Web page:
Senate Foreign Relations Committee

Senate Foreign Relations Committee Holds Iraq Hearings

I didn’t post much on Tuesday because I was testifying in Washington at the Senate Foreign relations commitee hearing on Iraq.

The Senate CFR began three days of hearings on Iraq on Tuesday. I’m told it wasn’t on C-Span, which is a great shame (maybe it will be played later). Senators Biden and Lugar among others are doing the country a great service by getting the legislature involved in this major foreign policy area, which is going to consume American energies, lives and money for perhaps the next decade.

HEARING

before the

COMMITTEE ON FOREIGN RELATIONS

UNITED STATES SENATE

ONE HUNDRED EIGHTH CONGRESS

SECOND SESSION

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Tuesday, April 20, 2004

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Time: 9:30 AM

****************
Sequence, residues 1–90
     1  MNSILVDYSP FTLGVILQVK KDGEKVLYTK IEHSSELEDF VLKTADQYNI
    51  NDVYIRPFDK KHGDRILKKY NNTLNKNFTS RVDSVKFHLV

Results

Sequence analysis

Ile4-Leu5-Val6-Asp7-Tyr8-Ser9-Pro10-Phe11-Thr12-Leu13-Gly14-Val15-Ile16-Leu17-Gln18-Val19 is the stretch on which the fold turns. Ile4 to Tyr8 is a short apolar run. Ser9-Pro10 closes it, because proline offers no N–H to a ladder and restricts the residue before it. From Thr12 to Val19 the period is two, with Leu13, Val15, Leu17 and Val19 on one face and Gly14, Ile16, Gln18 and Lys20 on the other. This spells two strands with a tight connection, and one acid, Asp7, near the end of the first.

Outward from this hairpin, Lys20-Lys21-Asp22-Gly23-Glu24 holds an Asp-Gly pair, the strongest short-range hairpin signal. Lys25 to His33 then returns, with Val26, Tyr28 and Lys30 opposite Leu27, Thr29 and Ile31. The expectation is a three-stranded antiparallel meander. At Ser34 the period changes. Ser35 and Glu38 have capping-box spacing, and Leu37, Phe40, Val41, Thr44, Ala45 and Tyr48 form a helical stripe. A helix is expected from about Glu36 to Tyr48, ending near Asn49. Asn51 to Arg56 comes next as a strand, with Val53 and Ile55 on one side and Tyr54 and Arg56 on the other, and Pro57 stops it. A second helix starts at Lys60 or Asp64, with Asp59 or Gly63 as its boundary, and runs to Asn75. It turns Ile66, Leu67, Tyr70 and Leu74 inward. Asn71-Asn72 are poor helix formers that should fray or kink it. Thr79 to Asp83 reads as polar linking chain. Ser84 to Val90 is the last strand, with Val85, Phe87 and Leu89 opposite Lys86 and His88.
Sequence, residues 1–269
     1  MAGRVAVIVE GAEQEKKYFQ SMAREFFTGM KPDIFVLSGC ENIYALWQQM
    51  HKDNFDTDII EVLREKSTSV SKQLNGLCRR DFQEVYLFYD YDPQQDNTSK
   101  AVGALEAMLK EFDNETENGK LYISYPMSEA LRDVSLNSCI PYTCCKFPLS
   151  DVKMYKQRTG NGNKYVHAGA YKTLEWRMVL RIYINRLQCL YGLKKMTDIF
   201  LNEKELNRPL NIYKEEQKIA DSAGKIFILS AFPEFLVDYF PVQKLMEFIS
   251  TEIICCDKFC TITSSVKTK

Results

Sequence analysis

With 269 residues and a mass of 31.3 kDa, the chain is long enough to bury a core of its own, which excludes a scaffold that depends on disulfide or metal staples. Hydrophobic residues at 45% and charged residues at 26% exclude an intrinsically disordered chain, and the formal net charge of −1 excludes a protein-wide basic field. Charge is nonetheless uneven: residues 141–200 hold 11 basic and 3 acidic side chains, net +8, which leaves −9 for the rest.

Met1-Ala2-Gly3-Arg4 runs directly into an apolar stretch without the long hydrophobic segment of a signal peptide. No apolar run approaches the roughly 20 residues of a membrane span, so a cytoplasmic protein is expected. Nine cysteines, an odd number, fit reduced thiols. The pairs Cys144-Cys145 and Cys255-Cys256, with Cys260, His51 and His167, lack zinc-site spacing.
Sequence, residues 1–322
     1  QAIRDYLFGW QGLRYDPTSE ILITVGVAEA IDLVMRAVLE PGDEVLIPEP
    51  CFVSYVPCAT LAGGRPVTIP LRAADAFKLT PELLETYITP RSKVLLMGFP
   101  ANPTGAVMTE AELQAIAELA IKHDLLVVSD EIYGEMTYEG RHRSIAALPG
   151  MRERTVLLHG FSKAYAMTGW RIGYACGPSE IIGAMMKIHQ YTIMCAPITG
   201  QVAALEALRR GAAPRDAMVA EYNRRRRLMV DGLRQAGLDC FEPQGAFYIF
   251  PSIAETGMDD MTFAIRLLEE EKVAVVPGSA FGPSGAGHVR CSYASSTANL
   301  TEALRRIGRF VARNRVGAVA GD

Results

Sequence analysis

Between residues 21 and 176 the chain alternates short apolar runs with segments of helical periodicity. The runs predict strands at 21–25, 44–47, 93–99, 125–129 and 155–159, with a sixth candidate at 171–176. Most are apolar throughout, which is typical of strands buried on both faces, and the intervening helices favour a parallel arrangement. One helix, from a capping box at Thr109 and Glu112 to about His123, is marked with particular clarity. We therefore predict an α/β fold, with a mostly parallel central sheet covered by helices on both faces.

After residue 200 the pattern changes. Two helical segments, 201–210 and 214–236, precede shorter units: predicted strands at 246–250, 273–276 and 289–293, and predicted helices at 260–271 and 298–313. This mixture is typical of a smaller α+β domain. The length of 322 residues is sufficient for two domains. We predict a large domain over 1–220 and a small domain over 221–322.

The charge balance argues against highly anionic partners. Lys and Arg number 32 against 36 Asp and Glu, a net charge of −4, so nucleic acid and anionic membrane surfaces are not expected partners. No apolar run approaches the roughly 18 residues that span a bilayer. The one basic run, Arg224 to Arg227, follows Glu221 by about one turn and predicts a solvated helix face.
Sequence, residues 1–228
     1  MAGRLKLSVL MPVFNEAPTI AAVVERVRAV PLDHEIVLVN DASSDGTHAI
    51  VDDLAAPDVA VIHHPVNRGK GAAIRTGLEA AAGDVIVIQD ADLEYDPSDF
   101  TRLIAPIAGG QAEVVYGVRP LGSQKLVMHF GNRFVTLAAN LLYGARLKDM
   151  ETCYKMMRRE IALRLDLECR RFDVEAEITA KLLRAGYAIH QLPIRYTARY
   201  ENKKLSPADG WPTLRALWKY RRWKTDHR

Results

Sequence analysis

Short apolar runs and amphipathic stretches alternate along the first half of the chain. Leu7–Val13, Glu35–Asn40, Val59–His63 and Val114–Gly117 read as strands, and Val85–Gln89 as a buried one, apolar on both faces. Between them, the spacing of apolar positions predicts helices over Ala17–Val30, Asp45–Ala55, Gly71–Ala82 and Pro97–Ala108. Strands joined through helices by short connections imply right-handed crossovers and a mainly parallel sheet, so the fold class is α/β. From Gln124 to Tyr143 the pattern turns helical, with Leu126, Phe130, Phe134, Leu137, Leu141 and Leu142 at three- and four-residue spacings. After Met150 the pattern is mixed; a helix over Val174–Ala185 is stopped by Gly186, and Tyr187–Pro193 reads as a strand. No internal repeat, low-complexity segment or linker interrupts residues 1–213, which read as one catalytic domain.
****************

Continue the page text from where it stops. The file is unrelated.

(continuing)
Place: 216 Hart Senate Office Building

Presiding: Senator Lugar

Senator Lugar’s Opening Statement

Senator Biden’s Opening Statement Witnesses:

Panel 1

The Honorable James R. Schlesinger

Senior Advisor

Lehman Brothers

Washington, DC

The Honorable Samuel R. Berger

Chairman

Stonebridge International, LLC

Washington, DC

Panel 2

The Honorable Richard N. Perle

Senior Fellow

American Enterprise Institute

Washington, DC

Dr. Toby Dodge

International Institute for Strategic Studies

Consulting Senior Fellow for the Middle East

London, England

Dr. Juan Cole

Professor of Modern Middle Eastern History

University of Michigan

Ann Arbor, Michigan.

My own prepared remarks are posted in pdf format to the Senate web site.

One aspect of the bad news at this and another hearing was covered by the Atlanta Journal-Constitution (i.e. it is on the ball)– which is the wide agreement that the US is stuck in Iraq militarily for at least 5 years, and can’t expect really substantial help from allies. I personally thing it is even worse than that. I have said I think this generation of young Americans will be the Iraq generation.

AP in its coverage focused on the questions raised about US military troop levels and whether the Bush administration can still get Iraq right, as well as whether the June 30 turn-over of sovereignty is realistic. (I say, why not? It is a publicity stunt anyway, and the papers can be signed; the Iraqis say they want them signed.)

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